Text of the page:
City News

Yabun Festival celebrates 20th anniversary at Victoria Park

A dance circle at Yabun Festival 2019. Yesterday, the event celebrated its 20th anniversary. Photo: Joseph Mayers/City of Sydney.

By DANIEL LO SURDO

The Yabun Festival celebrated its 20th anniversary yesterday as people from the inner city and beyond converged at Victoria Park and its surrounds to celebrate Aboriginal and Torres Strait Islander culture in Australia.

Victoria Park welcomed both the Corroboree and the Yabun marketplace, while the neighbouring Seymour Centre was home to the Yabun Stage, a free event featuring performances from Aboriginal country music singer Col Hardy, Maroubra-based Gomeroi hip-hop artist Kobie Dee and country/roots musician Loren Ryan.

The festivities were live-streamed on the Yabun Festival website and could be listened to through Koori Radio, and also included a legacy panel between Col Hardy, singer and songwriter Vic Simms and Nancia Guevarra, an inheritance panel with emerging leaders looking to blaze new trails, and an exploration of contemporary blak music, featuring the perspectives of Bunna Lawrie, Marlene Cummins, Nardi Simpson, Kaleena Briggs and Sydney-based hip-hop performer Brothablack.

Sydney Lord Mayor Clover Moore said that the event provided the “opportunity to be together, support each other and, importantly, celebrate continuing culture together”, adding that during her time in public office, she has seen crowds “grow at the Yabun Festival, and with it our community’s understanding of resistance and mourning”.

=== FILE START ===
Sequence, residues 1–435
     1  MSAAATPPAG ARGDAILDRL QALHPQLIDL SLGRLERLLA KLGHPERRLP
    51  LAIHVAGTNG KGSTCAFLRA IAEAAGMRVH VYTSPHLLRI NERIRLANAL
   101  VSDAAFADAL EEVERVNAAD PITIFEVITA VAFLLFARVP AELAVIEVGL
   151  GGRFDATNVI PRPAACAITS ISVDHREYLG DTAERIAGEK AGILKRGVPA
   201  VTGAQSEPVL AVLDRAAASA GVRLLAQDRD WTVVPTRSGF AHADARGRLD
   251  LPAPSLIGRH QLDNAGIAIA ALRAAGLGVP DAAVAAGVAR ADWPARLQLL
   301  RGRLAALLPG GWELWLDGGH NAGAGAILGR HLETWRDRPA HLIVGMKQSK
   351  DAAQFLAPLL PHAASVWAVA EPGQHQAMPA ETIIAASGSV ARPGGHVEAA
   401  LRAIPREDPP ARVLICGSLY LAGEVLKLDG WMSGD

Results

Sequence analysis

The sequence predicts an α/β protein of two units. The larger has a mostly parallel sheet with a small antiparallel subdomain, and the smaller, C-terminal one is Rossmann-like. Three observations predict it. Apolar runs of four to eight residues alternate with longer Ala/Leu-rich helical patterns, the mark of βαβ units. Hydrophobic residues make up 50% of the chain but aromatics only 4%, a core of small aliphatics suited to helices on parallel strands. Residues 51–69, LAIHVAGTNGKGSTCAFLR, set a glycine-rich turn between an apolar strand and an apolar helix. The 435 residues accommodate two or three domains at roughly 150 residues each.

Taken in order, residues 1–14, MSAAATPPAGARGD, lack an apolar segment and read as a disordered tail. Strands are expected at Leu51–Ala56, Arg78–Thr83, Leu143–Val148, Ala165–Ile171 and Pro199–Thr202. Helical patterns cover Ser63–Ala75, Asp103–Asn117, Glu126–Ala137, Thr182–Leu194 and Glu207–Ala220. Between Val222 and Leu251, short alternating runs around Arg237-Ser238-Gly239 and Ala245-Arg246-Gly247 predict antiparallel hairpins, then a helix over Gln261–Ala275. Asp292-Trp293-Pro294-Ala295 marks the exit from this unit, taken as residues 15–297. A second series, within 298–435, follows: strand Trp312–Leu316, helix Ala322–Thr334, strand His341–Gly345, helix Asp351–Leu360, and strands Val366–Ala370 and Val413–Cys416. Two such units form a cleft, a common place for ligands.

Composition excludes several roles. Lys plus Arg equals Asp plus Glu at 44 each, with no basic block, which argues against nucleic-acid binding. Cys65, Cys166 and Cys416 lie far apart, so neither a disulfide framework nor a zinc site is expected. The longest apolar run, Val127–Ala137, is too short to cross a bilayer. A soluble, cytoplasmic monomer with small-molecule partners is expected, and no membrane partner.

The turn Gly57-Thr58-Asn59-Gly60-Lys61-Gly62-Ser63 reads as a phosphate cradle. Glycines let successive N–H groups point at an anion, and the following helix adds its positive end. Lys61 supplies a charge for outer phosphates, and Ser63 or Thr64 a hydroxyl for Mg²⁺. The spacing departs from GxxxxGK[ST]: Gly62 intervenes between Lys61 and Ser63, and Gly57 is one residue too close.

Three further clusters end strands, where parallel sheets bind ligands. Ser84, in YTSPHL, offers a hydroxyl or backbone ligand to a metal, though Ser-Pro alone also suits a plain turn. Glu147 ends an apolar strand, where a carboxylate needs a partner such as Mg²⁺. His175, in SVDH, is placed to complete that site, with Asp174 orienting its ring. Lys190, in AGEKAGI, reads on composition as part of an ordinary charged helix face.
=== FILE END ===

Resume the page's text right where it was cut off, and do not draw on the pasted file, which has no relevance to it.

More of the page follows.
Invasion Day march 

The event came as about 4000 people gathered at Town Hall for the Invasion Day march, which also marked the 50 year anniversary of the establishment of the Aboriginal Tent Embassy in Canberra.

Speakers included Paul Silva, the nephew of David Dungay Jr., who died at the Long Bay Correctional Centre in 2015, and Palestinian activist Amal Naser, who spoke of his solidarity and shared understanding with First Nations people.

“We have been denied our right to return, our lands have been subjected to a colonial occupation,” Mr Naser said.

“Every day is Nakbar day like every day is survival day and a day of mourning for First Nations people … these days mark war, they mark genocide against Indigenous people.”

Following almost 90 minutes of speeches from First Nations speakers and allies, protesters marched to the Australian Hall in Elizabeth Street in silence and sat on the road, before continuing on past Central Station and to Victoria Park, where the Yabun Festival was taking place.

Yabun organisers said their 20th anniversary was “celebrated the way it was supposed to be” and that “it was an honour to share it” with all those who participated in the festival.

The first iteration of the Yabun Festival was held in Waverley in 2003, with the free event reliant on donations and sponsors, which include the City of Sydney and Inner West councils, for its survival.

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